As Democrats loudly complain that the Federal government doesn’t spend enough, I got to wondering how our spending compares to other countries. I was thinking of real measures, not abstractions.
I had in mind education and health care where we’re always being told we need to spend more when, in fact, we already have some of the highest spending levels in the world. Did this high spending also apply to government spending?
So I did a quick look for government spending per household or per capita – and it turns out it mostly does apply: we are not spending laggards.
This type of data does not appear to be widely available – it seems a worthwhile, but underdeveloped area of analysis. I found only two different sources, but they each show basically the same thing.
1. John Lott: John Lott, a conservative economist and author, offers an analysis on his blog. The data table from this analysis is pasted below. It shows the US at $17,370 per capita as being the 9th highest spending worldwide.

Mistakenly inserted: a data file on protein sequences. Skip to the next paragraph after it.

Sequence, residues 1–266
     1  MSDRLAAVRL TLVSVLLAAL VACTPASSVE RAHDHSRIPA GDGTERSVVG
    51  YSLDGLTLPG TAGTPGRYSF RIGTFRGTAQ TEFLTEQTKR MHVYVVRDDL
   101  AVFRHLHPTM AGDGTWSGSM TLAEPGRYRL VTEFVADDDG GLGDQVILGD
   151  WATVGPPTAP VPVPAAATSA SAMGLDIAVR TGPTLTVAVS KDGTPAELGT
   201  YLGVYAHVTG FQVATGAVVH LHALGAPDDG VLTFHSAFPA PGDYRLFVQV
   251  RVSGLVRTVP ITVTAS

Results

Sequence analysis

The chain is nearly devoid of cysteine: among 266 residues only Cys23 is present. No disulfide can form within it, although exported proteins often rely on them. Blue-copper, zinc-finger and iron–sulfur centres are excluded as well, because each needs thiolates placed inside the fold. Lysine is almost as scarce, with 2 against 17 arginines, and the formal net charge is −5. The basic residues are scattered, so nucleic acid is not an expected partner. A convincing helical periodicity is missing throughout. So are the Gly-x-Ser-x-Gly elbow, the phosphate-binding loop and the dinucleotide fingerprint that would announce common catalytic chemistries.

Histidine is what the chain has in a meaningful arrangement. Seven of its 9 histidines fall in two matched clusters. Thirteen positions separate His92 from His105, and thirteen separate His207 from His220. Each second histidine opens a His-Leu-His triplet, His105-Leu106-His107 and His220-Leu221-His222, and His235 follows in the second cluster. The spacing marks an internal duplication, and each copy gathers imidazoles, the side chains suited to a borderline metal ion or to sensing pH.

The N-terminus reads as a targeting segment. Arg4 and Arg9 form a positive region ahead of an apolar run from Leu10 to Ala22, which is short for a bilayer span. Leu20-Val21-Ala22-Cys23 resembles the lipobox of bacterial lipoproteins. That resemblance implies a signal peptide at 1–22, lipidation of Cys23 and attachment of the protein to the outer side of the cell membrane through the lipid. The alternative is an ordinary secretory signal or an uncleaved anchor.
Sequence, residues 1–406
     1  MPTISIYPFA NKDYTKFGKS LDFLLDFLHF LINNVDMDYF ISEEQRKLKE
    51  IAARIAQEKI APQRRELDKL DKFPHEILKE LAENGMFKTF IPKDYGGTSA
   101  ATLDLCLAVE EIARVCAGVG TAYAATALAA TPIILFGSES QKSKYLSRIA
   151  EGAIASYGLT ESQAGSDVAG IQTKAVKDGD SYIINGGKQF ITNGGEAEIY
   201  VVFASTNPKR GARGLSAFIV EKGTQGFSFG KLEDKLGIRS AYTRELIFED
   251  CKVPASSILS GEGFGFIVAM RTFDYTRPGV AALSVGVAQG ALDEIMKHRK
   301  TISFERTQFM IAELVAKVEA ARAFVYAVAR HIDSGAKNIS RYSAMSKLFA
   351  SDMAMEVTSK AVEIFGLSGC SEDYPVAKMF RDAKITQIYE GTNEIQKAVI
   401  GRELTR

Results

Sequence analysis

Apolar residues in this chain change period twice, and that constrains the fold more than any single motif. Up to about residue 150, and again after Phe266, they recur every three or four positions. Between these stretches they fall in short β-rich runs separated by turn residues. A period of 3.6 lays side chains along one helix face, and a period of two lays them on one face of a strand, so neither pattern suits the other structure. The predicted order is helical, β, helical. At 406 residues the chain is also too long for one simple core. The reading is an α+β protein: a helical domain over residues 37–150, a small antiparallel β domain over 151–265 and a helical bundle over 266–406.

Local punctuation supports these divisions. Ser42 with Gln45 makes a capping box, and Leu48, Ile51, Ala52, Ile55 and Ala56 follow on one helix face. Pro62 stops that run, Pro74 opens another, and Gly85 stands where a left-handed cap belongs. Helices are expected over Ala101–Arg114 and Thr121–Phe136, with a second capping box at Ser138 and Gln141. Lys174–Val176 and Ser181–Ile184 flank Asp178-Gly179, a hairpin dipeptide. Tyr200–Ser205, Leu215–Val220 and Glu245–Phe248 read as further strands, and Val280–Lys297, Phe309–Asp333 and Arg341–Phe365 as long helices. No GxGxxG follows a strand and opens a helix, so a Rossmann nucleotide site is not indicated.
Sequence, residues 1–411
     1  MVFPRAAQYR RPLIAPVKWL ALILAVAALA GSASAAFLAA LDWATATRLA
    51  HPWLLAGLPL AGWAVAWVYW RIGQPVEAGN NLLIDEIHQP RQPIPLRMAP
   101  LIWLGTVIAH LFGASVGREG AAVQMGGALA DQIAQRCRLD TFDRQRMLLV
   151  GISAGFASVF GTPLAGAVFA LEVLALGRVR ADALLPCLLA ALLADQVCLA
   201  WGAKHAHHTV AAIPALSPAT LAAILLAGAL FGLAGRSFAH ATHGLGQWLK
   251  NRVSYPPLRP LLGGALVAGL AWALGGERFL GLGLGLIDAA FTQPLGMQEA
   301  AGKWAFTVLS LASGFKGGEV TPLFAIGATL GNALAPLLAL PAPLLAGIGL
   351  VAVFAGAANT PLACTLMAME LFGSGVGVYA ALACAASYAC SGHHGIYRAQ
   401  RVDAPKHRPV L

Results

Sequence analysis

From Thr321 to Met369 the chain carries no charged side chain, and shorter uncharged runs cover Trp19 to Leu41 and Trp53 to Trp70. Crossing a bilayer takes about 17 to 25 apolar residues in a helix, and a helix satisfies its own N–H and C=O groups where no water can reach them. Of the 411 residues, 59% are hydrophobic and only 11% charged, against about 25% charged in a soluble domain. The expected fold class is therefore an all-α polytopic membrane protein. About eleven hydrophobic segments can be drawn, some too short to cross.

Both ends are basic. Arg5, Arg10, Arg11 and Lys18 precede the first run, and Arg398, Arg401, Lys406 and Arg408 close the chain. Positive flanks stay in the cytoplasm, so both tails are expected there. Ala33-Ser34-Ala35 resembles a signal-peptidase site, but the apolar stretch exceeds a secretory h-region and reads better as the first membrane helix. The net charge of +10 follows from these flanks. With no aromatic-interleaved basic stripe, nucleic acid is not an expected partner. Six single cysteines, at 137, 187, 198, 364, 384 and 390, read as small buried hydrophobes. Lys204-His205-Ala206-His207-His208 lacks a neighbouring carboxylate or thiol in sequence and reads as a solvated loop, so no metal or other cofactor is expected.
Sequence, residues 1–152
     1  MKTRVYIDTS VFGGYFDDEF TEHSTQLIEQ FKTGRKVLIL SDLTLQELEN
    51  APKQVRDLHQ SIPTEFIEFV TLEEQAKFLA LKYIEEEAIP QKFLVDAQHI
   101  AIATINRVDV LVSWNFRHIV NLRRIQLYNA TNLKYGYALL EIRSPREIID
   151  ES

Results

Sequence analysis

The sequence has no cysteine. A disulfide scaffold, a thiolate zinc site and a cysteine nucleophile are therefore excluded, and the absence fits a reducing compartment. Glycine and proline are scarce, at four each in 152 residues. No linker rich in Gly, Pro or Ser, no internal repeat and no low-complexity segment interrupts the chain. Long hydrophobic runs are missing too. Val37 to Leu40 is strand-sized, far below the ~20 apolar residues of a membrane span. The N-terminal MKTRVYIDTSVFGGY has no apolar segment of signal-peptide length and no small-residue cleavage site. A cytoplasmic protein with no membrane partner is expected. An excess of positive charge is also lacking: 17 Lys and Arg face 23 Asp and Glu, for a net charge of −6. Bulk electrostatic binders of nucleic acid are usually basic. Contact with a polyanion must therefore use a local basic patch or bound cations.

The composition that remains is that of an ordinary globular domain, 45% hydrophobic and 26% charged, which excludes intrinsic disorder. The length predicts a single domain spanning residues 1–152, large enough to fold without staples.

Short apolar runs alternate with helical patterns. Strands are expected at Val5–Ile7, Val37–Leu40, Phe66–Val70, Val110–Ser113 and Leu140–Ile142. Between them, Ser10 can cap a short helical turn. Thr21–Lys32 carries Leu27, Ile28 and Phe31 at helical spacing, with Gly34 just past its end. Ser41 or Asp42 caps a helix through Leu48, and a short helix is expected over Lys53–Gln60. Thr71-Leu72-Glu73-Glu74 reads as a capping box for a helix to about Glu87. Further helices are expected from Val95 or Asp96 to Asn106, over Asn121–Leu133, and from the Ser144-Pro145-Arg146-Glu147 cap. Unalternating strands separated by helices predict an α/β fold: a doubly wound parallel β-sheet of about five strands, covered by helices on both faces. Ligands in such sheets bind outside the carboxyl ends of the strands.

This data was used as the basis for an opinion piece published by Fox News in 2010: Our Bloated Goverment Is Already Much, Much Bigger Than You Think.
2. OECD: An OECD analysis from 2009 shows a similar type of outcome. This shows the US as 9th among OECD nations for government spending with spending of $15,999 per capita in 2006. They provide a link to the underlying data (Excel download) they used.
Presumably, there are many adjustments one could make to both data sets to affect the specific figures, but doubtless the main point would prevail which is that compared to other countries, US per capita government spending levels are reasonably high – and certainly aren’t unusually low.
I also suspect that these analyses understate the actual situation because they don’t appear to count spending by ALL levels of government. Given that in the US state and local governments tend to be larger and spend more than comparable entities in other countries (lots of countries don’t even have 3 operative levels of gov’t), I imagine an inclusive analysis of all government spending would put the US even closer to the top of the list.